MWHIT Relief Society Bazaar and Silent Auction at MHA 2016

By May 27, 2016

The Mormon Women’s History Initiative Team (MWHIT) is pleased to announce its first annual Relief Society Bazaar and Silent Auction, to be held at the Mormon History Association Conference, June 9-12, 2016 at the Snowbird Resort. (For overall conference program and registration information, please see Mormon History Association 2016 conference registration.)  MWHIT encourages MHA attendees to visit our booth in the book exhibit space at the conference, where we welcome browsing, bidding, and purchase of our team members’ contributions.  Many of you know our members, from whom you can expect personal and detailed work:  Lisa T., Jenny R., Kate H., Sheree B., Taunalyn R., Andrea R.-M., Susanna M., Janelle H., Anna R., Barbara J. B., and Brittany N.

At our booth, you may bid on or purchase a variety of baked goods, homemade and/or handcrafted items, baby items, furniture, and novelty items and wall art, as well as a variety of skills and services offered by our team members and other volunteers (editing, proofreading, writing, family history research, consulting).   For your interest (and to entice you to come bid), I am offering for the auction this fabulous 18×24 stretched-canvas of the 1883 Representative Women of Deseret poster that went with Augusta Joyce Crocheron’s 1884 book of the same name.  Including the images of great Mormon women leaders like Eliza R. Snow, Zina D.H. Young, Elmina S. Taylor, Mary Isabella Horne, and Emmeline B. Wells, among others, this poster is an homage to the greatest RS, YLMIA and suffrage leaders of the 1880s.  The image came out with fantastic detail that really pops, and it would be a fantastic addition to someone’s office, library, or home shrine to Mormon women’s history.  A must have, really.

1883 Representative Women of Deseret Poster, by August Joyce Crocheron

1883 Representative Women of Deseret Poster, by August Joyce Crocheron

If you are passionate about the work of Mormon women’s history, and you wish to help in this project, we also welcome donations of your time and talents to join with ours, for the purposes of helping us fund our awards programs, community events, speakers, and leadership planning and efforts.  In the comments, we invite you to share the types of items or service that you might be willing to bring to our booth for bidding. There is sure to be a wide array of other unique items and beautiful work.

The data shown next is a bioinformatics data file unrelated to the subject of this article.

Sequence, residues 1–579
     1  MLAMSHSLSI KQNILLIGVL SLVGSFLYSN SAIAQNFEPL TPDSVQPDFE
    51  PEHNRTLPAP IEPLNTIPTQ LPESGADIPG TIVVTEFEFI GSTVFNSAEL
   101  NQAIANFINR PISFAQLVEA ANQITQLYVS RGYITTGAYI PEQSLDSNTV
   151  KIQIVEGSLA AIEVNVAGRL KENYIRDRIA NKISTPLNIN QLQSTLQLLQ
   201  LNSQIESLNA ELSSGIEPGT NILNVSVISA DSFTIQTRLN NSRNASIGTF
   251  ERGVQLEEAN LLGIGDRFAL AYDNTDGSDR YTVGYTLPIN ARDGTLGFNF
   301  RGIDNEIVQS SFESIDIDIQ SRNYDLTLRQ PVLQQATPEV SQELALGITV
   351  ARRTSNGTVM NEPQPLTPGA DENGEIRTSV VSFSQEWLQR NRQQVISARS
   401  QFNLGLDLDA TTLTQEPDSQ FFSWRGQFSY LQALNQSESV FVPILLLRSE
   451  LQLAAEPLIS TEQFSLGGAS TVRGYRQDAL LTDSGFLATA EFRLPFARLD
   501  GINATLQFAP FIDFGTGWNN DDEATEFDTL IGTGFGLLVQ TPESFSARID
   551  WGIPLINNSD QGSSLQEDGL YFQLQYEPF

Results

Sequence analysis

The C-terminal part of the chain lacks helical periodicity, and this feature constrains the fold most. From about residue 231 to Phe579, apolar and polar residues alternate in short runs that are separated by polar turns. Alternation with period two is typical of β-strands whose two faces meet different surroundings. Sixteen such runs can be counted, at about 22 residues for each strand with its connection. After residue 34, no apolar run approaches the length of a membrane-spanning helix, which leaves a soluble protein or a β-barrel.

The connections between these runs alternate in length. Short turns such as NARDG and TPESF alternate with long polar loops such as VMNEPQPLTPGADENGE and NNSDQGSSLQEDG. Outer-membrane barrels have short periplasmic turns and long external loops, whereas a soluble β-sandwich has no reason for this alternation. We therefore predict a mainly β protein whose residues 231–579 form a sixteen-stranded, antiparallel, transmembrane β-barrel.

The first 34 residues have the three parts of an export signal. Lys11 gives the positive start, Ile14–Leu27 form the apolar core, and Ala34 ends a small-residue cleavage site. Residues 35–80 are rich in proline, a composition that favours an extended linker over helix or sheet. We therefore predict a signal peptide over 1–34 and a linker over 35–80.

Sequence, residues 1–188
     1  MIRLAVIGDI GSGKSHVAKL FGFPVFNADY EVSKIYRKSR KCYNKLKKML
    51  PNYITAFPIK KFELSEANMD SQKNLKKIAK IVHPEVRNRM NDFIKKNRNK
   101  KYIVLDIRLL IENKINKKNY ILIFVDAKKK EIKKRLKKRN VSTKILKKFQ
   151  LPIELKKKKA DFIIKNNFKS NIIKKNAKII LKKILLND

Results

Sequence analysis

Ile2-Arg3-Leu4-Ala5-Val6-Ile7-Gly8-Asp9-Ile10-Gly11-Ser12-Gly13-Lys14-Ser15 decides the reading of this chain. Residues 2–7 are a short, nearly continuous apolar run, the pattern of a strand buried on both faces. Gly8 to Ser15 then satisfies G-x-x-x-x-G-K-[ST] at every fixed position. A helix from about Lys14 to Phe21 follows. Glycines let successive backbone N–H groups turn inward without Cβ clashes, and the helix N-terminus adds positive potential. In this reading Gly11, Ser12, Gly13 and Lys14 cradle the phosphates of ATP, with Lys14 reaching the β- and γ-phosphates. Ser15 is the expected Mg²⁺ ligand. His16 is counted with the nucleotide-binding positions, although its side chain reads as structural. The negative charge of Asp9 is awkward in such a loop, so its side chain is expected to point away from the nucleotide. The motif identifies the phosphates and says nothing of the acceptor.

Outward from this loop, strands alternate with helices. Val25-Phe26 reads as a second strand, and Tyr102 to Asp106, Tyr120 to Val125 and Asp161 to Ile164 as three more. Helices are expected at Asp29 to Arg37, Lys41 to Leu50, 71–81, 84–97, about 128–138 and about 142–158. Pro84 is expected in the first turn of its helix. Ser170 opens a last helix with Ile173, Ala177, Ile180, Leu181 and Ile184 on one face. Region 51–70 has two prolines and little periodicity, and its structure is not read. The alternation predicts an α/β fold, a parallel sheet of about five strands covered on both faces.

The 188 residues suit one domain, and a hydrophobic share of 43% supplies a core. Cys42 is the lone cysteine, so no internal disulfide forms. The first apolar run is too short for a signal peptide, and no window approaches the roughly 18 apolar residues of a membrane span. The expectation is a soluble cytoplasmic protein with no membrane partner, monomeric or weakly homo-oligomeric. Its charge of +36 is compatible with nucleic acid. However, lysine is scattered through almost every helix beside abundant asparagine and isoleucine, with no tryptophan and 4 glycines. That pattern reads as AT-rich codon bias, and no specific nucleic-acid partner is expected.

See our flier here, and please share, forward, or it print off to help us advertise.  MWHIT Bazaar flyer-1

Mossy Fly 2

Mr. Andrea R-M’s unique hand-tied flies, presented in a lovely, accessible, and waterproof case.

Looking for a fundraising activity that could be accomplished at the conference, a few of us drew upon our past experiences with silent auctions hosted by the Coalition for Western Women’s History at various Western History Association conferences. The CWWH silent auction enjoyed a long and overall successful run at WHA conferences, with similar types of items offered for bidding, including hand-crafted items, jewelry, scarves, small antique items and collectibles, artwork, crocheted blankets, baby items, and even a couple of years where my husband contributed his own hand-tied flies to draw in the fly-fishing set.  (P.S. He will again be offering his unique hand-tied flies at this year’s MWHIT Bazaar, so to all you anglers, come! Bid soon! Bid often!)

CWWH 2013 Silent Auction

MWHIT Member Andrea R-M, wrapping up the last hour and collecting donations at the CWWH Silent Auction booth, with other CWWH board members at the 2013 WHA Conference held in Tucson, Arizona, in October 2013.